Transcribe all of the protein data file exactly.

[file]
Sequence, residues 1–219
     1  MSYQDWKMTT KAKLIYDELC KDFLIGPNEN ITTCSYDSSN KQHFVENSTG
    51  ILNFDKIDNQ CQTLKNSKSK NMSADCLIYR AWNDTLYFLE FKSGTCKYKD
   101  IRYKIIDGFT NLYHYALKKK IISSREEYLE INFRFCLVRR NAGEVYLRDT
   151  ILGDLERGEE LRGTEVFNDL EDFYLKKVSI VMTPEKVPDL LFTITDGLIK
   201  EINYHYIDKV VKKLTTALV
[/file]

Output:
Sequence, residues 1–219
     1  MSYQDWKMTT KAKLIYDELC KDFLIGPNEN ITTCSYDSSN KQHFVENSTG
    51  ILNFDKIDNQ CQTLKNSKSK NMSADCLIYR AWNDTLYFLE FKSGTCKYKD
   101  IRYKIIDGFT NLYHYALKKK IISSREEYLE INFRFCLVRR NAGEVYLRDT
   151  ILGDLERGEE LRGTEVFNDL EDFYLKKVSI VMTPEKVPDL LFTITDGLIK
   201  EINYHYIDKV VKKLTTALV